In this paper, we present a novel approach to retrieve attenuation corrected fluorescence (ACF) in the image field. This approach can be applied to improve tumor identification for both diagnosis and treatment purpose. Furthermore, this approach will facilitate the development of fluorescence image-guided surgery.
We present a Monte Carlo lookup table (MCLUT)-based inverse model for extracting optical properties from tissue-simulating phantoms. This model is valid for close source-detector separation and highly absorbing tissues. The MCLUT is based entirely on Monte Carlo simulation, which was implemented using a graphics processing unit. We used tissue-simulating phantoms to determine the accuracy of the MCLUT inverse model. Our results show strong agreement between extracted and expected optical properties, with errors rate of 1.74% for extracted reduced scattering values, 0.74% for extracted absorption values, and 2.42% for extracted hemoglobin concentration values.
A two-layer Monte Carlo lookup table-based inverse model is validated with two-layered phantoms across physiologically relevant optical property ranges. Reflectance data for source-detector separations of 370 μm and 740 μm were collected from these two-layered phantoms and top layer thickness, reduced scattering coefficient and the top and bottom layer absorption coefficients were extracted using the inverse model and compared to the known values. The results of the phantom verification show that this method is able to accurately extract top layer thickness and scattering when the top layer thickness ranges from 0 to 550 μm. In this range, top layer thicknesses were measured with an average error of 10% and the reduced scattering coefficient was measured with an average error of 15%. The accuracy of top and bottom layer absorption coefficient measurements was found to be highly dependent on top layer thickness, which agrees with physical expectation; however, within appropriate thickness ranges, the error for absorption properties varies from 12-25%.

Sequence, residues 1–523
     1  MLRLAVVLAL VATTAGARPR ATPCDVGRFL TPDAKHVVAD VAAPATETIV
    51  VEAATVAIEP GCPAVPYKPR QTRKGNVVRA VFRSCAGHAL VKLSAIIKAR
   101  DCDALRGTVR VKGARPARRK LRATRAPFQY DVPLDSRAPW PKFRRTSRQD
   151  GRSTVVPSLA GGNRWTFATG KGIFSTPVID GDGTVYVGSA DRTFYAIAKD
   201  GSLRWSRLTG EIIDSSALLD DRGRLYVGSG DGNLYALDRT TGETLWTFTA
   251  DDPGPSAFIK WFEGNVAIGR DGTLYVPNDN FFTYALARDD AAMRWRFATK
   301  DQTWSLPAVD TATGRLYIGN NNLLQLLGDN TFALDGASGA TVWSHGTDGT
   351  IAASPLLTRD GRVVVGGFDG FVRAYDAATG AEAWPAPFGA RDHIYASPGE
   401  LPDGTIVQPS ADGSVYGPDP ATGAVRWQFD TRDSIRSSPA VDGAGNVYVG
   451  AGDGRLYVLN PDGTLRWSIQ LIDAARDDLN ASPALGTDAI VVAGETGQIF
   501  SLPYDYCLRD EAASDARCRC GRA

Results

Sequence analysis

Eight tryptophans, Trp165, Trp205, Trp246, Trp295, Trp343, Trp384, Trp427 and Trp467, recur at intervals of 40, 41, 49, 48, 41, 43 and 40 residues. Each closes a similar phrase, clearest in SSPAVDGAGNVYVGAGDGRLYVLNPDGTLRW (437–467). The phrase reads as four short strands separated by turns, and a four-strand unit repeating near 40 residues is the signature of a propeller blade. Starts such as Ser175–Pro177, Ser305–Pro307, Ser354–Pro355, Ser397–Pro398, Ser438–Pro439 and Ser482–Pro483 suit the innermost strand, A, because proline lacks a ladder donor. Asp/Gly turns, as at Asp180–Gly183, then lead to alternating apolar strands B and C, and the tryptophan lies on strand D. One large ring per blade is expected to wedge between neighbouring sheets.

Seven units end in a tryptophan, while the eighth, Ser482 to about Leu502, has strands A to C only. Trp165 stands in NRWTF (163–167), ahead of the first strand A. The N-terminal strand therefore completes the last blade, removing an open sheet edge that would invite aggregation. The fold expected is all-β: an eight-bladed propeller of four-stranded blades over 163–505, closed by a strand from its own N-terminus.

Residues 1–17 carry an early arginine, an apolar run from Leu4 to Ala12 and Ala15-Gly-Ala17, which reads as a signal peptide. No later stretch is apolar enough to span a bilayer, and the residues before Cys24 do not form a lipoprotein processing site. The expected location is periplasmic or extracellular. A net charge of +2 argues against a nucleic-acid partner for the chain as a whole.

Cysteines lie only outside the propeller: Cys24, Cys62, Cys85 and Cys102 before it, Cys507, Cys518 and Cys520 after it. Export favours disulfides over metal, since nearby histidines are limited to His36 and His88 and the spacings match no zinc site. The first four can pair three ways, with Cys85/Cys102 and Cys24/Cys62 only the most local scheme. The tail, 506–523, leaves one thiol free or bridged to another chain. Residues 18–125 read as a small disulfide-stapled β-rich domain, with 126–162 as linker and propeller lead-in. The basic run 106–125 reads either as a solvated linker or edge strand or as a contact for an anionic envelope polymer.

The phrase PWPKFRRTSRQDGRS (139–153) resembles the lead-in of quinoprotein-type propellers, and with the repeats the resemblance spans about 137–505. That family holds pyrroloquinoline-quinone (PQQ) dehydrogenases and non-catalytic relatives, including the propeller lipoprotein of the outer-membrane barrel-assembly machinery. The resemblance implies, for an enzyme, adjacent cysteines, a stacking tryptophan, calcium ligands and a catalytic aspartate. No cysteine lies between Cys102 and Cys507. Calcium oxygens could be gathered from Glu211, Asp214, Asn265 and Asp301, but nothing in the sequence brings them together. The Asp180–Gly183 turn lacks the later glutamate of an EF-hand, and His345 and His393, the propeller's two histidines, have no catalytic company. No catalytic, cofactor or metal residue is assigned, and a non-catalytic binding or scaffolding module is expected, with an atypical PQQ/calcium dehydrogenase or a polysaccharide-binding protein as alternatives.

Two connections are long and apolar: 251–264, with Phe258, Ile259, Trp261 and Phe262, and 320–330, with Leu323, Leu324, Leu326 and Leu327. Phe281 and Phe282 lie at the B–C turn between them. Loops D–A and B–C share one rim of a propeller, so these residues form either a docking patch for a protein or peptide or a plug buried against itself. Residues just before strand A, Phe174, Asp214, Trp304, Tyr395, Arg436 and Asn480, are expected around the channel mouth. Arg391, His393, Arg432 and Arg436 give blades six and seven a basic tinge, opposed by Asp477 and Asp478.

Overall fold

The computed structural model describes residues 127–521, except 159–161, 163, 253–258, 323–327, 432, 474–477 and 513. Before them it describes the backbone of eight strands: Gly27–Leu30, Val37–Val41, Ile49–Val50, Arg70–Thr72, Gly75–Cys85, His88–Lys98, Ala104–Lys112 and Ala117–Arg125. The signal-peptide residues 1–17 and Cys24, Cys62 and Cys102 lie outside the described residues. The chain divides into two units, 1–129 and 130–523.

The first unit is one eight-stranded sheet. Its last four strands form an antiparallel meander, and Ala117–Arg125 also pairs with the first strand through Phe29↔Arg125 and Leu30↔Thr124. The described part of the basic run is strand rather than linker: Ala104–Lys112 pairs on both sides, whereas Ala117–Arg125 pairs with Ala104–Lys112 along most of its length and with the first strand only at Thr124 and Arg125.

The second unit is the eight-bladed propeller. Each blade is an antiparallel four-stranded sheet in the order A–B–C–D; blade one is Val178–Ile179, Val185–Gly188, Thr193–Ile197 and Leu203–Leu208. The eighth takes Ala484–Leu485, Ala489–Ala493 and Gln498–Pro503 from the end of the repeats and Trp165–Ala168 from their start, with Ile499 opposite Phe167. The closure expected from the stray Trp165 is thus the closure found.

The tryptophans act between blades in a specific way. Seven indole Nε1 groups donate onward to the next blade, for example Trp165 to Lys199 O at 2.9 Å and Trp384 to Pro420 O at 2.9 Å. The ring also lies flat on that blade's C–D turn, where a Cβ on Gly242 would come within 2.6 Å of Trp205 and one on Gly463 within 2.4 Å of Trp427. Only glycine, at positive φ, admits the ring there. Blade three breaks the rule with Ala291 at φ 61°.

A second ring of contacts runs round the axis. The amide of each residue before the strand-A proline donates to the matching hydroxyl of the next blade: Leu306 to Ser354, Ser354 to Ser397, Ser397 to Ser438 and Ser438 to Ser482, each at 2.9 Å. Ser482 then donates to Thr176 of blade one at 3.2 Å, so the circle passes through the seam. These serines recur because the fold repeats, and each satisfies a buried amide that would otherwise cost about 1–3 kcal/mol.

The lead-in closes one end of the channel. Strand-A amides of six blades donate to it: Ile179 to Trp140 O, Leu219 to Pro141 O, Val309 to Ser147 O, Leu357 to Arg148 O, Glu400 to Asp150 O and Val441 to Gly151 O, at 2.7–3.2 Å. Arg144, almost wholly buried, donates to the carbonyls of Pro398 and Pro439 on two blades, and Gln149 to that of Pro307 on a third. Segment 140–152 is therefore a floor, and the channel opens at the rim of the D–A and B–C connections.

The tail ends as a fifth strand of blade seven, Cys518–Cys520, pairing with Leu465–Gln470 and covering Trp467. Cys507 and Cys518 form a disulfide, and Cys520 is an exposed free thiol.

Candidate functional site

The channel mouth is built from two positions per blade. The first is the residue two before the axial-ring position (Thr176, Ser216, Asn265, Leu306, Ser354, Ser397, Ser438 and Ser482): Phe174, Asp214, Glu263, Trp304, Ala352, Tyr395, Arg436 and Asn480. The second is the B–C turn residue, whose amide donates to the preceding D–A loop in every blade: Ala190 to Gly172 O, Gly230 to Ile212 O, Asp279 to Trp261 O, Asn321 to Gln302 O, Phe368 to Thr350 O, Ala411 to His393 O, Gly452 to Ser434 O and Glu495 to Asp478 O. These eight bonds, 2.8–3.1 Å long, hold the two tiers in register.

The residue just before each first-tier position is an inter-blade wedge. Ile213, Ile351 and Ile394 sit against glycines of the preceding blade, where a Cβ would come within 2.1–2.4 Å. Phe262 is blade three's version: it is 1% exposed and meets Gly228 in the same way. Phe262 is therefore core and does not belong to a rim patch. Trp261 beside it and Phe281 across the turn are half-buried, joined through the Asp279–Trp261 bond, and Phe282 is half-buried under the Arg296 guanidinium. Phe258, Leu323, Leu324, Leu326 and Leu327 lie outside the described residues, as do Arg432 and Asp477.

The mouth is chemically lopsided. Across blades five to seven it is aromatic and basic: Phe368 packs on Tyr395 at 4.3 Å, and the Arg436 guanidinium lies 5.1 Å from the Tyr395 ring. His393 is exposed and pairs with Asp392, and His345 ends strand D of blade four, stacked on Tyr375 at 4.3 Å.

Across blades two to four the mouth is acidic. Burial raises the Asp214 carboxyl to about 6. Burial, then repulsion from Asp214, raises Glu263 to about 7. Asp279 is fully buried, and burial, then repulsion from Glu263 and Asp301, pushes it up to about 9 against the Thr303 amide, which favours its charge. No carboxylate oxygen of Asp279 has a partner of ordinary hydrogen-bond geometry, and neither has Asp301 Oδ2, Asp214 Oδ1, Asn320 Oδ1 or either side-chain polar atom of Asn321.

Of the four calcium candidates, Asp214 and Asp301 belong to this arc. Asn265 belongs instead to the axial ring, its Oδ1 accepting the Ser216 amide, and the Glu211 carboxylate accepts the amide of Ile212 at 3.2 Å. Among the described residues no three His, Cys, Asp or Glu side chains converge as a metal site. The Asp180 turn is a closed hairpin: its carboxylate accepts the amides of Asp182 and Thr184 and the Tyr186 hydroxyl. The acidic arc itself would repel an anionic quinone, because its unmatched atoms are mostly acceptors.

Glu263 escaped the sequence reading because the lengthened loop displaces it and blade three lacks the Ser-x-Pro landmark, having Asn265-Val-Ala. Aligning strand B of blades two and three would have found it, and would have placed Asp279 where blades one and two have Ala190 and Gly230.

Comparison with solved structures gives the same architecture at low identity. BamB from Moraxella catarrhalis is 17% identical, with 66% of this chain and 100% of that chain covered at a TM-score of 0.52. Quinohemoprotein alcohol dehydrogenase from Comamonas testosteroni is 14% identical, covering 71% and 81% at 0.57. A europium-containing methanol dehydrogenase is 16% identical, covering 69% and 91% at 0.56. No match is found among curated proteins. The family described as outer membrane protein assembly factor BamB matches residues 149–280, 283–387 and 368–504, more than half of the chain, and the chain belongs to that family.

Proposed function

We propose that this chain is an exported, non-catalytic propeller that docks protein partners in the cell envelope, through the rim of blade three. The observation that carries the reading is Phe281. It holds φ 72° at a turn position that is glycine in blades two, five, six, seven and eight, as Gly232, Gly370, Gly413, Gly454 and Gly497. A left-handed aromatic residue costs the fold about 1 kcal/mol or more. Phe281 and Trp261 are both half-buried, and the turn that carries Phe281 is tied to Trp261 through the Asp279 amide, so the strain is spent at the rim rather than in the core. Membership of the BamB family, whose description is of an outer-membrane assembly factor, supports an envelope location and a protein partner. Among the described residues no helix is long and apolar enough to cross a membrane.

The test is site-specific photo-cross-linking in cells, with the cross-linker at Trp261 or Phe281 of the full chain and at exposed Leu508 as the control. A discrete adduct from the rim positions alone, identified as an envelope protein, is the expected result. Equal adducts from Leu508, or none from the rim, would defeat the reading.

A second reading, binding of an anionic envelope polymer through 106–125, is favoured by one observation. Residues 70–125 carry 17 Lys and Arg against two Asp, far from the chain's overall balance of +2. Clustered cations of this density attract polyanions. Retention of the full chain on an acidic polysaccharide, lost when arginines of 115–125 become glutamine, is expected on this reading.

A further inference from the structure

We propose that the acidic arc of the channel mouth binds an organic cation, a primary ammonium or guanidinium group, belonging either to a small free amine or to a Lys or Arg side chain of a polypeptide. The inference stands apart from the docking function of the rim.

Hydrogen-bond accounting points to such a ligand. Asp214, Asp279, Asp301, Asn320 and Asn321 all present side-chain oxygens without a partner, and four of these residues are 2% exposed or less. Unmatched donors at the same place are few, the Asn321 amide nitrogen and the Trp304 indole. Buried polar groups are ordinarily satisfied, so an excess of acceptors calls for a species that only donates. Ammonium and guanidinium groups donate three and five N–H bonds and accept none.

A new approach to retrieve the attenuation-corrected fluorescence using spatial frequency-domain imaging is demonstrated. Both in vitro and ex vivo experiments showed the technique can compensate for the fluorescence attenuation from tissue absorption and scattering. This approach has potential in molecular image-guided surgery.